Personal Touch to hike fees from October

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Personal Touch Financial Services is to hike fees from October in response to rising regulatory and professional indemnity costs.

The network wrote to members this week to explain that costs would increase ahead of the year end, with firms paying an extra £4 for regulatory bills – which includes FCA and FSCS costs – as well as a further £114 for each investments and pensions adviser they employ.

PTFS will also charge an additional £150 for each adviser authorised for investments, pensions and mortgages to pay for rising regulatory fees.

Each adviser working on mortgages business will incur a further £36 fee.

Costs for professional indemnity cover will also rise by £15 per firm, in addition to a further £8 per investments and pensions adviser, and £12 for those individuals authorised for investments, pensions and mortgages.

PTFS says it will continue to subsidise the cost of PI cover by around £500,000 in 2015/16.

In a letter to members, PTFS sales and marketing director David Carrington says: “We have already paid these levies and the increased FCA fees in full.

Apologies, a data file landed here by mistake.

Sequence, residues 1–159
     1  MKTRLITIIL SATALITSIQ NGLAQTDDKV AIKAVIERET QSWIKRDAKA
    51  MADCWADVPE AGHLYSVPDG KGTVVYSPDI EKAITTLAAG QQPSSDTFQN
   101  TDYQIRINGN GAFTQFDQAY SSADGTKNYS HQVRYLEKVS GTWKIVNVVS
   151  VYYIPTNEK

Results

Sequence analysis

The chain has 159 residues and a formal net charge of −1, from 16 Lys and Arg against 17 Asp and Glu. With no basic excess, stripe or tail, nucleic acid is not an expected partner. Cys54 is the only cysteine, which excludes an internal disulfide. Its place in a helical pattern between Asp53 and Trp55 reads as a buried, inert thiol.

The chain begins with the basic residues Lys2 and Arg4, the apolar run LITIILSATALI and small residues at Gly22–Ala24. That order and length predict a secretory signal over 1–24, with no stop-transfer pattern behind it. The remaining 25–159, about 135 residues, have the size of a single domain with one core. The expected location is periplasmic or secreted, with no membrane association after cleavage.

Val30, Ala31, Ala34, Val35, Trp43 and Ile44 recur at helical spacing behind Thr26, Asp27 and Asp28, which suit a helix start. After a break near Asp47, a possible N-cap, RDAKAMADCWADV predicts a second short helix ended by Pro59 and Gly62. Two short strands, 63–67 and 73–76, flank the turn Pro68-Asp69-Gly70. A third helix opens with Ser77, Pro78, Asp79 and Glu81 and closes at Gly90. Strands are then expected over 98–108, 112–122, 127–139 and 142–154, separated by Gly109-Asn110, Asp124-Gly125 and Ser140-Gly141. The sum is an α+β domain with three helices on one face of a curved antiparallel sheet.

“Whilst we would normally apply changes to regulatory recharges in our year end fee review, in view of the scale of increases and to minimise the monthly impact on all our firms, we are writing to inform you the changes to regulatory recharges, will be implemented from 1 October 2015.

“Please note that for firms with three and six months’ notice periods the implementation dates will be either 1 December 2015 or 1 February 2016.”

In November last year PTFS announced a new fee structure, introduced in February, based on quality of business. It says 80 per cent of its members are paying reduced fees as a result of the change.

The FCA said in March that advisers’ fees would increase by 10.2 per cent in 2015/16 to account for higher staff and technology costs at the regulator.

The FSCS’ final levy for 2015/16, meanwhile, has been set at £319m, with firms in the life and pensions sector hit with a £100m bill to cover compensation costs linked to Sipp claims.

Advisers who don’t hold client money will pay £74.9m in 2015/16, up from £68m in 2014/15.